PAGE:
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I have an upcoming interview for a job that is very interesting to me. The job is in another country. The problem is that the last year I found another job in this country, accepted the offer, got a visa, set a date and in the last moment I didn't go, because I got some family health issues at home and it cought me completely off guard. So at the moment I decided not to go. I have regretted this decision ever since everything at home came back to normal, but what's done is done.

My question is: should I mention this fact during the interview? I guess that there is a posibility that this fact can come up during my next visa application process (if there will be one). Should I be honest or should I just not mention the fact and tell them another reason for leaving my job a year ago?

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The question you might want to ask yourself is why would you want to mention it ? Do you think it would benefit you in any way ? I don't really see why you would want to tell this during an interview.

Don't get me wrong, if they choose you and you start the whole visa application process, this would be the kind of technical information you would mention, as its bound to surface at some point in time.

However during the actual job interview why talk about something that is just going to raise questions from the employer and not help in any way? Mention it as late as possible.

  • Wouldn't the fact that I left the job last year (after 9 years that I had worked there) raise a question? I am pretty sure that they will ask me why I left my job. I have to ways around it: to tell them the truth, which, as you said, won't, probably, do me any good, or I can tell them that I was offered a better salary or something like this. – stee1rat Aug 17 '17 at 8:24
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    The funny thing is that I have now 2 absolutely different opinions for this topic and both seem right. I wish I knew what type of a person my interviewer will be:) – stee1rat Aug 17 '17 at 8:28
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    Yes, it would raise a question, and thats why I would talk about it as late as possible. The idea being: if you are starting the visa procedure and talk to them about it then. You would already have had one or more interviews with them and it would be most likely that they already have a somewhat good opinion of you, so it would be easier to explain more in detail why it didn't work out. I just don't think its a good idea to mention it during the job interview, it shouldn't be a part of the first impression you give. – everyone Aug 17 '17 at 8:35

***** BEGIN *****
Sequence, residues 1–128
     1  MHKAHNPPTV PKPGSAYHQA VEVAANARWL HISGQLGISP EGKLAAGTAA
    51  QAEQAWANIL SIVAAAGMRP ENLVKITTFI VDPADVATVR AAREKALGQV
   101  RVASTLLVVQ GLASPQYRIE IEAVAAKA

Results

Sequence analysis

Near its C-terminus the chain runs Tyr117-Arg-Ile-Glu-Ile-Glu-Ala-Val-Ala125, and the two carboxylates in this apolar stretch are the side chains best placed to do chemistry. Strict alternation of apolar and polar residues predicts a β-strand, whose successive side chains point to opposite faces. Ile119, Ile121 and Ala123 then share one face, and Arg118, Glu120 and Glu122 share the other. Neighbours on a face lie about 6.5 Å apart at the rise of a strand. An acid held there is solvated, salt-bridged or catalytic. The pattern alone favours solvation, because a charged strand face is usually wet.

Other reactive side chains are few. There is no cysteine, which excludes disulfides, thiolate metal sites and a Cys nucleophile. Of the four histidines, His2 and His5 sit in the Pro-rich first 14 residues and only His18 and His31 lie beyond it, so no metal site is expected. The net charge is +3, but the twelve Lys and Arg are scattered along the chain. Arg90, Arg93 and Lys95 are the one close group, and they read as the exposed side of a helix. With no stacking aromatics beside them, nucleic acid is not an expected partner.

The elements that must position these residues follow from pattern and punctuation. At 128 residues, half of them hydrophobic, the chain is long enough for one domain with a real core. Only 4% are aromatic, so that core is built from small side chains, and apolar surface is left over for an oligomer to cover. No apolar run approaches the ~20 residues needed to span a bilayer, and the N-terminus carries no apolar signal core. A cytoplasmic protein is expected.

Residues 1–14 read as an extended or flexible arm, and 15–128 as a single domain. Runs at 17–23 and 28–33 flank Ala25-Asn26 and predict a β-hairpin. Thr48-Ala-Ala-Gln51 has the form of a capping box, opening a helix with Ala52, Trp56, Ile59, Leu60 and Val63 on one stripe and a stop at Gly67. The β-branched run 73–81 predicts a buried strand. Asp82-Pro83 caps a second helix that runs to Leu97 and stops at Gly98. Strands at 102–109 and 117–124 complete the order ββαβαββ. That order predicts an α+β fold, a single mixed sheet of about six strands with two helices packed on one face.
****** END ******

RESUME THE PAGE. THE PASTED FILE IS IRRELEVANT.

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    I'm guessing things would be too easy if there was simply one straight-forward and obvious answer, you wouldn't need to ask the question then. – everyone Aug 17 '17 at 8:36
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    Yes, I agree about the situation not being obvious. Thank your very much for your opinion! – stee1rat Aug 17 '17 at 10:03
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If the job is in another country, the interviewer might ask you anyway, 'How prepared / willing are you to relocate to our country?' This is where you could mention that you had already committed to do this on a previous occasion, but a family emergency prevented you from following through. It would reinforce that the move is not an issue for you personally and put their mind at ease.

It may depend on the country, but it might be worthwhile mentioning anyway in case there are indeed complications in the visa application (or reapplication) process. The fact that you were able to secure a visa without issue before may put them at ease as well. Transparency on your part will go down well when the interviewer is considering you. I cannot think of a major reason why this information should be withheld.

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    What bothers me is the fact that I didn't actually start the job: I had a visa, I left my previous job, but I didn't start the work. I also should have probably asked them to wait for a week or two, but I didn't, which could make them think that I am not really a trustworhty person. So I have this dilemma now. Thank you very much for your thoughts! – stee1rat Aug 17 '17 at 8:19
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    @stee1rat Your reason for not starting the job was not your fault. You didn't know how long your family would need your help, so it would have been unfair to say to your new work 'can you wait two weeks... maybe longer? I'm not sure.' You demonstrated some integrity by being upfront with them and not leaving them waiting for a new start that may or may not arrive. The place you're looking at now may assume they were refusing to change the start date (even if they do ask 'could they have waited?', you could say this). – user34587 Aug 17 '17 at 8:35
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    Thanks again. I still have not decided what to do here, so I guess I will go with the flow and see how it goes. However, you set my mind at ease a little, and I thank you for that, kind sir. – stee1rat Aug 17 '17 at 10:06
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I wouldn't answer that question unless it's asked directly by the interviewer.

Job competition nowadays is of course very competitive and as such interviewers will tend to put more emphasis on ironing out irregularities in your cv (No matter which country you are applying to work in).

Bottom Line

If it comes up in conversation by all means be prepared to back it up with a reasonable explanation (which you have already provided).

Good luck in your interview.

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